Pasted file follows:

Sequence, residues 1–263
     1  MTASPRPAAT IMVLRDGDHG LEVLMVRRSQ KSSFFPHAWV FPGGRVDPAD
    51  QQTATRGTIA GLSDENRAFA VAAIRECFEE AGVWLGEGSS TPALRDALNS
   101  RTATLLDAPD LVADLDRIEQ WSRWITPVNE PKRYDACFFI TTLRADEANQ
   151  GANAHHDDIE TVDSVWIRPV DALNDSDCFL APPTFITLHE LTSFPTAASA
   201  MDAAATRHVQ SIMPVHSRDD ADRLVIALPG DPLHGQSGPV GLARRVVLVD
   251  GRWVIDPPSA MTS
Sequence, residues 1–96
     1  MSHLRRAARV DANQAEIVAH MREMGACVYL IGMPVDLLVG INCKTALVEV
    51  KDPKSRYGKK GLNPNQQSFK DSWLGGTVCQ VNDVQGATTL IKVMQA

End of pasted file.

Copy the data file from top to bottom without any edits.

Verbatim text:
Sequence, residues 1–263
     1  MTASPRPAAT IMVLRDGDHG LEVLMVRRSQ KSSFFPHAWV FPGGRVDPAD
    51  QQTATRGTIA GLSDENRAFA VAAIRECFEE AGVWLGEGSS TPALRDALNS
   101  RTATLLDAPD LVADLDRIEQ WSRWITPVNE PKRYDACFFI TTLRADEANQ
   151  GANAHHDDIE TVDSVWIRPV DALNDSDCFL APPTFITLHE LTSFPTAASA
   201  MDAAATRHVQ SIMPVHSRDD ADRLVIALPG DPLHGQSGPV GLARRVVLVD
   251  GRWVIDPPSA MTS
Sequence, residues 1–96
     1  MSHLRRAARV DANQAEIVAH MREMGACVYL IGMPVDLLVG INCKTALVEV
    51  KDPKSRYGKK GLNPNQQSFK DSWLGGTVCQ VNDVQGATTL IKVMQA